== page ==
Normally I try not to pay much attention to comments on my posts or articles. It’s almost impossible to write in the age of the internet and take such things seriously. That way lies madness. But the last few weeks, I’ve felt sensitized to the endless division and judgment that has become so much a part of computer culture. I’m tired, again, of people judging those they’ve never met, of calling names or saying things in public fora that they would never say in person. It feels cowardly and slimy and mean.
We’re all guilty of it to some extent. I’ve done it, too, ranted about the “idiots” who espouse such-and-such opinion. It’s easy to forget that behind every posting is a real person.
Earlier this month I wrote a post for Waldorfish on Michaelmas and what that festival has come to mean to me. I half-laughed with my friend Robyn when we found that my little essay had been posted on an anti-Waldorf/Steiner website. Half-laughed, because you know you’ve made it as a writer when you incur hatred, but even after four years of writing professionally, I’m still not thick-skinned enough to dismiss being judged by people who’ve never met me.
After sitting on it for a week or so, I finally decided this morning to submit a comment to the site, and to invite a dialogue here. I guess we’ll see what happens next.
This, in case anyone is curious, is me taking my sword of courage to my own personal dragon – confrontation. I’m not acting in violence or anger, but with the hope that maybe courage and compassion can transform confrontation to conversation.
Here is my comment:
It’s easy to attach an identity to a byline – to blame, to disagree, to judge. I’ve done it myself. But, the writer is more than her name. Behind every faceless byline on the internet is a real person – with real values, dreams, goals, and feelings. And yes, real flaws, too.
I’m sorry for whatever has happened in the lives of those of you who would question the ethics of a stranger based only on a few paragraphs that you read through your own lens. I can only guess that there is powerful hurt there somewhere, and that makes me sad.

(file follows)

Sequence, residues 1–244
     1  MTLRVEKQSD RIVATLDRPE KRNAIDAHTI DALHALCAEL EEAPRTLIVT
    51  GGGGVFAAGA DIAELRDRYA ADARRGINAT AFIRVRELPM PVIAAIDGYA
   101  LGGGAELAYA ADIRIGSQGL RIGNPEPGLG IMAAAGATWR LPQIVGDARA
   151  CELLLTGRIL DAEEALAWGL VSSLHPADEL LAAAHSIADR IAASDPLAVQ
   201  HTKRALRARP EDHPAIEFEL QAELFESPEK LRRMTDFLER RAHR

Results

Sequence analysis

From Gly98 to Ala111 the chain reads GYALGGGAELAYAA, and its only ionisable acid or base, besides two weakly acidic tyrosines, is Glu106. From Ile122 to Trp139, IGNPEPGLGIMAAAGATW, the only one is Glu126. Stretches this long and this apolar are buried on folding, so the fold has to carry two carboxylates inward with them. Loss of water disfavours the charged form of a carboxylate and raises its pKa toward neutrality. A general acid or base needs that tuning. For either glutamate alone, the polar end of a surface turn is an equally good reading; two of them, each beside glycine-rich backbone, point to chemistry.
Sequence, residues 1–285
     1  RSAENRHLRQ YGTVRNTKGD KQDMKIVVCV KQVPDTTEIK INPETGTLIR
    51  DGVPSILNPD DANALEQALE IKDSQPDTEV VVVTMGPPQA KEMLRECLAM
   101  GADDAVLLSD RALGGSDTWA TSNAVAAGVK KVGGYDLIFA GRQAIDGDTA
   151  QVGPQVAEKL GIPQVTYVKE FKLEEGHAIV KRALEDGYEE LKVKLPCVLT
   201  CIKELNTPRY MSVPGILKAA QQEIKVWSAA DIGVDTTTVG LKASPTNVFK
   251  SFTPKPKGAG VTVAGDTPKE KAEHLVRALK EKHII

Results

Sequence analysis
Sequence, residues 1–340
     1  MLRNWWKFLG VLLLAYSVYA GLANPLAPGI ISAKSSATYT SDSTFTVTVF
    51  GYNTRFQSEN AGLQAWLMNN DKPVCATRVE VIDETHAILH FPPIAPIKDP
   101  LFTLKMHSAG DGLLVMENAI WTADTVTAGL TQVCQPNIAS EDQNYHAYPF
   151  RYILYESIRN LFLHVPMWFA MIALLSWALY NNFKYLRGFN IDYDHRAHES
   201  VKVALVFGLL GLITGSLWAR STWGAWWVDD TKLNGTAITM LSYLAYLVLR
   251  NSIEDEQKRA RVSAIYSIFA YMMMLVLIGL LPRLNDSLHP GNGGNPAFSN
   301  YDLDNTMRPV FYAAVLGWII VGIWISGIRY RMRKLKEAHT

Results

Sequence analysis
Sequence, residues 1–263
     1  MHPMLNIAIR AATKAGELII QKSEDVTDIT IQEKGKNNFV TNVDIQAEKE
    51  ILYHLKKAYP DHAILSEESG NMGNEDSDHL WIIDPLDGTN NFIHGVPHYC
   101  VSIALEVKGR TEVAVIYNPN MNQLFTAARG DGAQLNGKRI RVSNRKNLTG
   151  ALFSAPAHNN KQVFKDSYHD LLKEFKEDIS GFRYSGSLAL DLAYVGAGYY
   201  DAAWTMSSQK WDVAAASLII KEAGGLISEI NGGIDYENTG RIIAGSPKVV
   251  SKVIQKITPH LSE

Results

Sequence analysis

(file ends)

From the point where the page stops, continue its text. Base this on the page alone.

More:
I’m not responding to the criticism of my essay to argue or to try to change minds. Different beliefs and opinions are what make life worthwhile. I’m just here to introduce myself, to put a virtual face to the name whose ethics have been called into question.
I’m not some brainwashed cultist. I’m a mother, a writer, a scientist, a friend, a lover, a runner, a dreamer, a thinker. I have plenty of flaws if you’d like some to criticize. I’m stubborn, klutzy, and sometimes selfish. I procrastinate. I’m a terrible housekeeper. I’m all too apt to hide behind humor. And I’m incredibly awkward at parties.
I’m also practical, idealistic, the most prepared camper you’ll ever meet. I’m a loyal beyond reason to those I love. I can bake birthday cakes in almost any configuration. I’ve been known to quote Shakespeare while performing a Caesarean section on a cow. I think about everything. All of the time. I love – intensely, painfully, and unconditionally.
I believe in working for peace, justice, and acceptance for everyone. Seeing my name equated with eugenics and warmongering hurts. Yes, I’m also sensitive.
You don’t know me. You know only that I wrote about a topic where you have strong feelings. Great. Come discuss them with me. I can’t offer a glass of wine or a cup of tea over the internet, but you’re more than welcome to stop by my blog, read a bit, and share your thoughts. Conversation is so much easier than anonymous anger.